County may have overvalued land gift to state

Published 5:55 pm Tuesday, April 9, 2019


Isle of Wight County appears to have provided two different dollar amounts — one to the state and the other to county residents — as to the value of its proposed gift of 20 acres of land in its Shirley T. Holland Intermodal Park for the construction of a state-run juvenile correctional facility.

According to the county’s proposal to the Virginia Department of Juvenile Justice for locating the facility in Isle of Wight County, which then-Board of Supervisors Chairman Rudolph Jefferson sent to DJJ Director Andrew Block in late February 2018, the county claimed to have been marketing land in the intermodal park at a cost of $35,000 per acre, resulting in a total value of $700,000 for the 20-acre site. However, the county’s website and a frequently asked questions document that was provided to residents prior to the Board of Supervisors’ public hearing on the matter both state the land is valued at only $200,000.

The county’s proposal to the DJJ was one of over 100 pages that Farmers Bank President Dick Holland received — and provided to The Tidewater News — after submitting a Freedom of Information Act request to the county in early March. He had requested all emails sent and received from July 1, 2017 through the date of the FOIA request from all of the current Board of Supervisors members, Block and any county staff member or elected public official concerning the DJJ project. Holland also requested all text messages, written correspondence, social media posts and handwritten or electronic notes from said sources and dates concerning the project. He ended up paying $877.78 out of pocket for the county’s expense in labor of gathering the documents.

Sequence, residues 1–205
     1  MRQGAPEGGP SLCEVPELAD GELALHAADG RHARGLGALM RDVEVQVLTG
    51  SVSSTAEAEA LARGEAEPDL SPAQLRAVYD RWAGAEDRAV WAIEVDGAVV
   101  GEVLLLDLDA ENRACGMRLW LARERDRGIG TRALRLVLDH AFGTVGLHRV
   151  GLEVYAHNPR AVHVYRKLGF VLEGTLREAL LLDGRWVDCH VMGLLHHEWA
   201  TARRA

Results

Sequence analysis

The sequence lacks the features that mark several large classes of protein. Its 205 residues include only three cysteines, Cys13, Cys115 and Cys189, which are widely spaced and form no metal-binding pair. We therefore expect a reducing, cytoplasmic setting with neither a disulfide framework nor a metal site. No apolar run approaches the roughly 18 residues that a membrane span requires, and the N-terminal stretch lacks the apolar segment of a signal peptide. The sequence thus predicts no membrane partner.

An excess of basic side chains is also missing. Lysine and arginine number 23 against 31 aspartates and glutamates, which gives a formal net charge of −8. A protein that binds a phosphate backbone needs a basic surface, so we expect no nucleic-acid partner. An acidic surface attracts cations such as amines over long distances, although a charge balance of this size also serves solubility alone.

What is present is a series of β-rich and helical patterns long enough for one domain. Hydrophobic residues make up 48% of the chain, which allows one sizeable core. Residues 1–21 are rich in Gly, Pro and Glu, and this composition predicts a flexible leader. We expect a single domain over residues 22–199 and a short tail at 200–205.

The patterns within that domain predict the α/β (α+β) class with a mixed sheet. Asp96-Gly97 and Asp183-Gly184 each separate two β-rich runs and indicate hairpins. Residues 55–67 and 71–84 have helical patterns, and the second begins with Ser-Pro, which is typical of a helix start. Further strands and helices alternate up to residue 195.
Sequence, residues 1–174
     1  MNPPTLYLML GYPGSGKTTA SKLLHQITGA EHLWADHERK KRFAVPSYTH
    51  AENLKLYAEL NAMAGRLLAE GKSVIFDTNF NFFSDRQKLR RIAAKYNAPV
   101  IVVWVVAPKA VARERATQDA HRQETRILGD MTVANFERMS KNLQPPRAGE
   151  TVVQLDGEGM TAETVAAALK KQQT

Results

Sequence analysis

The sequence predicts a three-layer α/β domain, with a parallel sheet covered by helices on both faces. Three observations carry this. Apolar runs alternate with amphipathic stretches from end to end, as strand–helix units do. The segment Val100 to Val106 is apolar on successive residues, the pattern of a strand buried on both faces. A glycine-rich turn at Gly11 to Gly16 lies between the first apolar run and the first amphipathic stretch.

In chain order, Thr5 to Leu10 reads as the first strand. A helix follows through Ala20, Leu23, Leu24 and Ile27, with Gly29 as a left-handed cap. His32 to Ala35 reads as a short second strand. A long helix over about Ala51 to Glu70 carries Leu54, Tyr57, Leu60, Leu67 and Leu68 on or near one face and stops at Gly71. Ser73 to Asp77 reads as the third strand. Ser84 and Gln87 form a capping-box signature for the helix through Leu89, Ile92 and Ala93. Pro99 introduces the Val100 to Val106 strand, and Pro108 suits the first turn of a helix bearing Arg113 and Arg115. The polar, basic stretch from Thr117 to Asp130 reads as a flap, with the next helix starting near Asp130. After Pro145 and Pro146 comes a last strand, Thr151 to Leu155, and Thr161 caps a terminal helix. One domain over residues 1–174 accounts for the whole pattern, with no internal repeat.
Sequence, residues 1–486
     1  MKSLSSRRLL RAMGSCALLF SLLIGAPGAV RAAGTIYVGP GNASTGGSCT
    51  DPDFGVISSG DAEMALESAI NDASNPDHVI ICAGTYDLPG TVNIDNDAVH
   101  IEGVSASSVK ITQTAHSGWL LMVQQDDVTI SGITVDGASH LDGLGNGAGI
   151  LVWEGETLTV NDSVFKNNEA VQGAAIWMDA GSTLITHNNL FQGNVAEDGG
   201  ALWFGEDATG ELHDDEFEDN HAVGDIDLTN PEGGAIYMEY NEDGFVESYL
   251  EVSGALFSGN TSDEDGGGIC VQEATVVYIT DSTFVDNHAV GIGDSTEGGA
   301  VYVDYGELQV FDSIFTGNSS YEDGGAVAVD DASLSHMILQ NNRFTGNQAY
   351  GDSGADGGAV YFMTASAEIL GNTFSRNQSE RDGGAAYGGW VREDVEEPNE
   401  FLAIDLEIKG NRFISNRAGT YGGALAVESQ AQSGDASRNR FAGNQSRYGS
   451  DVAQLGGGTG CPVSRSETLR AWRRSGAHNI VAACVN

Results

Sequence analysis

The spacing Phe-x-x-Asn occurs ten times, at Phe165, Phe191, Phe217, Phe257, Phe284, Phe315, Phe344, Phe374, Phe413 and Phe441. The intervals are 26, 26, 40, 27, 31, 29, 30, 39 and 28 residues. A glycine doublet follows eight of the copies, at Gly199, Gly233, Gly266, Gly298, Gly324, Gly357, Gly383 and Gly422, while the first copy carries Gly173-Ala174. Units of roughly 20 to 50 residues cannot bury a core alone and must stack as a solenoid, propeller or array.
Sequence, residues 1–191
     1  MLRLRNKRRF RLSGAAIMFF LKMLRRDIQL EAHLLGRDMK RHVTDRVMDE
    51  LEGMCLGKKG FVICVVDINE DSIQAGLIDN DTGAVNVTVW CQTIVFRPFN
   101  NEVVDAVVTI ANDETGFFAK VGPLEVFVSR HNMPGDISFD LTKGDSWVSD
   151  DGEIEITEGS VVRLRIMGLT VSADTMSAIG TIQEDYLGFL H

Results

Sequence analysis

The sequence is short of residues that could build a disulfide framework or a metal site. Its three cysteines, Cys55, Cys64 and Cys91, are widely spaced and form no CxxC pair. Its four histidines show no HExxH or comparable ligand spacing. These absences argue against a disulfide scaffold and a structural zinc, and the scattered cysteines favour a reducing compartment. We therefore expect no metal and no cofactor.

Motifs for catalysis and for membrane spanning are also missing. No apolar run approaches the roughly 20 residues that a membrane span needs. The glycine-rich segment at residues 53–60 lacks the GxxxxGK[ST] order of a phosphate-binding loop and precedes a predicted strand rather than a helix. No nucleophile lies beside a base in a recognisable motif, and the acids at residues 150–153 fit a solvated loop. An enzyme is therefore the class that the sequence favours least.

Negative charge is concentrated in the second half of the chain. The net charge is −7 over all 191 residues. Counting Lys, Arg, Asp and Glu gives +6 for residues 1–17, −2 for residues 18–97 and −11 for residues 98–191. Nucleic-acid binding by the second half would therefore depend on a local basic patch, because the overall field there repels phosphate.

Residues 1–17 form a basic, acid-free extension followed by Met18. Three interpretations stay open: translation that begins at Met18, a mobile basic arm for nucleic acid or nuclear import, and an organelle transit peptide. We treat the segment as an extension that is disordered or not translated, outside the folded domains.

The $200,000 figure appears to be the correct dollar amount for the land’s original sale price according to county records. The 20-acre site is part of a larger, 115-acre parcel designated 53-01-081 on the county’s geographic information system. Real estate tax records indicate the county purchased this parcel in 2009 for roughly $1.15 million, which breaks down to a cost of $10,000 per acre and therefore $200,000 for 20 acres.

The information provided on the county’s website concerning the DJJ project claims that this, plus the $500,000 the county has said it is willing to contribute toward the cost of extending water and sewer service to the site, results in a total cost of $700,000.

The total cost of extending utility service to the property in such a way that future development along the corridor could tie into the new water and sewer mains is estimated at $1.5 million, with the state funding $1 million of that cost. This, according to the county’s website, yields a return on investment of $800,000 when the county’s $700,000 contribution is deducted from the total cost of the extension.